Photo: Bandeira Verda

Hawaiian Super Prix: The Race That Was Too Good To Be True

By Josh Farmer, IndyCar Reporter

Ever want a motor race featuring the best of the best? On top of that, a $10,000,000 purse to go with it? And in Hawaii to boot? All sounds good right?

That was the premise of the Hawaiian Super Prix, one of many Indy car races that have never happened.

The race was the idea of one Dick Rutherford, who had been trying to bring a major motor racing event to the state of Hawaii for several years with the concept being an all-star event bringing drivers from multiple racing platforms.

After a race around Aloha Stadium fell through in 1994, Rutherford shifted his focus to the Championship Auto Racing Teams (CART). The race would feature a massive $10 million purse with the winner taking $5,000,000. The pole sitter would also get an unheard of $250,000 prize.

Rutherford planned to pay for the race with ticket sales as well as airing the race on pay per view.

In late 1998, Rutherford approached CART CEO Andrew Craig to discuss the idea. Craig recalls feeling skeptical about the idea right from the get go.

“He presented this idea and I thought it was not properly thought through,” he said. “Having talked to him about this idea for about 20 minutes to a half hour and having said we were not interested he then said, he then said ‘How about a race in Nassau then?’, I then said ‘Oh boy this guy’s a flake.’ That was the end of that conversation.”

With Craig initially not in favor, Rutherford lobbied a number of team owners and the idea began to gain momentum with a few members on the CART board of directors supporting the idea. While Craig had his reservations, the board members supporting the idea argued that even if the race fell through, CART would be financially secure because of an insurance policy.

Finances were not the only concern for Craig as he felt that the unexpected extra race would increase cost for the four engine manufacturers in the series – Ford, Toyota, Honda and Mercedes-Benz.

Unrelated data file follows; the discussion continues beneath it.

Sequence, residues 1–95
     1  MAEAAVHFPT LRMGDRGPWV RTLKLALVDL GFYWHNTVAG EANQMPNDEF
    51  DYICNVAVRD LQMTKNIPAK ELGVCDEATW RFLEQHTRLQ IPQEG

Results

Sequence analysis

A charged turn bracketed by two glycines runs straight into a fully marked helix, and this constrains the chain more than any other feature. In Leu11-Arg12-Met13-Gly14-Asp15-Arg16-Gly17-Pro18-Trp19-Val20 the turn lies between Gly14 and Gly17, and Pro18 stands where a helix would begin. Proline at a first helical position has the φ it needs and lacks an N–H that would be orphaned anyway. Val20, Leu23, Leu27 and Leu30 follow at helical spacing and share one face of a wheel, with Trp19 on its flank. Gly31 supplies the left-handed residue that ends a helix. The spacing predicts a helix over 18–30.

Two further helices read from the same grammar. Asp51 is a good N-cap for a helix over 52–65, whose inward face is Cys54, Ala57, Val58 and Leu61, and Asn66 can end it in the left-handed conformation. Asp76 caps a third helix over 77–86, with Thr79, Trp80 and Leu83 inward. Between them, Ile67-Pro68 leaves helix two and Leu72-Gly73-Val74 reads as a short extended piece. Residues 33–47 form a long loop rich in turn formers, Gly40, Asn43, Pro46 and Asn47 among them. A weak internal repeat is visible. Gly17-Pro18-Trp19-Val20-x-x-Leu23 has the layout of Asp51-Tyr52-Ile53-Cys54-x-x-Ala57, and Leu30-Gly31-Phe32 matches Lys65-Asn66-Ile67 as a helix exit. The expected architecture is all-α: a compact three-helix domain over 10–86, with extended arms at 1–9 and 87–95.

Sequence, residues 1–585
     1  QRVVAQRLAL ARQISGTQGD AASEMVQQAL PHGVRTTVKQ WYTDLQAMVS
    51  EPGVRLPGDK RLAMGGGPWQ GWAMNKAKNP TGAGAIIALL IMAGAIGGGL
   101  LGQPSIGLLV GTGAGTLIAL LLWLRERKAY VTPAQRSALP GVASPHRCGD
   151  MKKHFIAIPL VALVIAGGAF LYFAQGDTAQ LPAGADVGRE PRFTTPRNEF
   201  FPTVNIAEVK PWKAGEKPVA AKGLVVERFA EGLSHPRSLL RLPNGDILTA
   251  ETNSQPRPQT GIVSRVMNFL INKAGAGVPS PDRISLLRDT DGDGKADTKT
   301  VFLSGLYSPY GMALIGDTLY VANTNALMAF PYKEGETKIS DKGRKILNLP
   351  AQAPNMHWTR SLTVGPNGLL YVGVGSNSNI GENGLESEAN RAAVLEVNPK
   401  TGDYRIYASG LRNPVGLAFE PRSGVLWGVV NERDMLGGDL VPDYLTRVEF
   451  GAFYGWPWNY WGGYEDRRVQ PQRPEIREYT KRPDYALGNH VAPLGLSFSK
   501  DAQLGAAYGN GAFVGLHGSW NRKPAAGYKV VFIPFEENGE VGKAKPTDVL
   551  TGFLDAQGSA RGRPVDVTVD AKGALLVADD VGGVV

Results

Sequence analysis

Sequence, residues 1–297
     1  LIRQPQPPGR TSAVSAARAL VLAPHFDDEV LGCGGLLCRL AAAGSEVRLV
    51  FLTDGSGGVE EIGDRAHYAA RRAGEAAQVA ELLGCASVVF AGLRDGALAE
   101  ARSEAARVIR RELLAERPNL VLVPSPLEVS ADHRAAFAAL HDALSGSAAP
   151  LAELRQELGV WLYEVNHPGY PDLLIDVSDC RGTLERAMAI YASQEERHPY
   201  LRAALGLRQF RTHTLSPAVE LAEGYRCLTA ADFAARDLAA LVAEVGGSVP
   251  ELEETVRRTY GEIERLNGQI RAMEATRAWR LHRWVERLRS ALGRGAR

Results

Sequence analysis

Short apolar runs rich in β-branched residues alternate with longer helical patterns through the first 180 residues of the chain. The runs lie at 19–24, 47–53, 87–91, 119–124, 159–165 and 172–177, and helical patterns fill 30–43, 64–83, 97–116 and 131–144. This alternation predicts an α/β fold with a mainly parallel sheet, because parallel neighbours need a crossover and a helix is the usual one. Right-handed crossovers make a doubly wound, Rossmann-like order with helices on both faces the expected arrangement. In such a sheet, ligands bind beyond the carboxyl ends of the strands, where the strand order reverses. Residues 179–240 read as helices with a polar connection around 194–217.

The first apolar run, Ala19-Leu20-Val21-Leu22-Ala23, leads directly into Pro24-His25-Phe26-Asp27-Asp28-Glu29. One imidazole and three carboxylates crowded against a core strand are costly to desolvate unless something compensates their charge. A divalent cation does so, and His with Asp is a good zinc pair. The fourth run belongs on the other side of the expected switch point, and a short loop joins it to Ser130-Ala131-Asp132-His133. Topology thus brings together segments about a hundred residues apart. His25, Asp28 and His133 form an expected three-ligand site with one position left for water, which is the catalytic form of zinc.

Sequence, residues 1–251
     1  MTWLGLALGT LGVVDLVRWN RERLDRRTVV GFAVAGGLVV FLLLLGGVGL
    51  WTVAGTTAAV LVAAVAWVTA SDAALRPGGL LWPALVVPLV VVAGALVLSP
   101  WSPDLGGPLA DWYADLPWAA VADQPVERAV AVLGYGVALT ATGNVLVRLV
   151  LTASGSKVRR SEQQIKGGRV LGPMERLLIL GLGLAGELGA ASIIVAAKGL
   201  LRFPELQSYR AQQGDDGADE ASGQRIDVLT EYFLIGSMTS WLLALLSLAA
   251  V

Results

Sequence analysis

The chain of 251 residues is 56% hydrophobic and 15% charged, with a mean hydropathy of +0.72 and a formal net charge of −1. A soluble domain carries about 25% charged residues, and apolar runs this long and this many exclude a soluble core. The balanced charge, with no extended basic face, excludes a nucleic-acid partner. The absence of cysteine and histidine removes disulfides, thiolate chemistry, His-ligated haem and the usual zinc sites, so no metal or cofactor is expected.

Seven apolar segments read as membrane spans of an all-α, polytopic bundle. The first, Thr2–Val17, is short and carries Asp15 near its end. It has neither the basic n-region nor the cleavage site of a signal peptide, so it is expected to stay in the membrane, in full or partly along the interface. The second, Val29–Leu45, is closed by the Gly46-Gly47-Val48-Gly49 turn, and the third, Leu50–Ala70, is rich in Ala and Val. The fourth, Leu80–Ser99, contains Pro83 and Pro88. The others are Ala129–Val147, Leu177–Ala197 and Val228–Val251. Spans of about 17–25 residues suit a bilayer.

The race and approved unanimously and was bonded to the tune of $30 million by CNB Capital and the sanctioning fee was insured by Frontier Insurance.

Even with financial insurance, Craig still had his doubts about the race but went along with the board’s unanimous agreement to hold the race. With that, the formal announcement of the Hawaiian Super Prix was made on February 25, 1999 on Waikiki Beach.

The race was set to take place on November 13, 1999, less than two weeks after the season-ending Marlboro 500 at California (now Auto Club) Speedway. It was set to be an All-Star Event with 16 cars, with the top 12 in CART points with 4 entries being at the promoter’s discretion.

The course was still to be determined, but it was eventually solidified to be laid out as a 1.8-mile 10-turn airport circuit located at the Kalaeloa Airport located 22.5 miles away from Honolulu.

Photo: ChampCar.com

Photo: ChampCar.com

The was to have a unique format that featured two 60-minute heats with a points system that would determine an overall winner. It also featured a knockout qualifying system similar to what the Verizon IndyCar Series would adopt several years later.

A Super-Bowl esque halftime show would fill the time in between the two races.

The race was still far from becoming a reality. Rutherford’s super high purse already meant that there was a lot to pay out aside from operation costs. With less than 10 months until the race, it was a race against time in order to find sponsorship to pay for the race.

Most of the sponsorship came from local companies, such as AAA Hawaii while some were strictly business to business deals, one coming from the Hawai Chevrolet Dealers. They signed on to be the official car of the Super Prix late in September in exchange for providing safety vehicles for the race.

The Sheraton Hawaii chain had a similar deal, giving free rooms in exchange for advertising.

CART at the time had a title sponsorship from FedEx and many large companies such as Miller, Budweiser, Target and Valvoline to name a few were involved in the sport. Why did none of them jump on board to support this Super-Bowl-like event?

The answer lies in one of the simple rules of advertising – timing. Corporate sponsorship dollars are normally budgeted a year in advance, which was not within the Super Prix’s timeframe.

The early delays in promotion and track setup did not sit well with Craig, whose skepticism did not subside.

“We have a signed contract and the insurance policy is in place but Rutherford’s cost estimates, sponsorship ambitions, funding are completely wrong.

After a few months of the race’s announcement, Craig’s skepticism was soon realized as little action happened across the pacific.

Skepticism in the CART media center grew almost immediately following the announcement. For starters, Rutherford did not have an upstanding track record in the motorsports industry. His only claim to fame was running the American IndyCar Series, from 1986-87.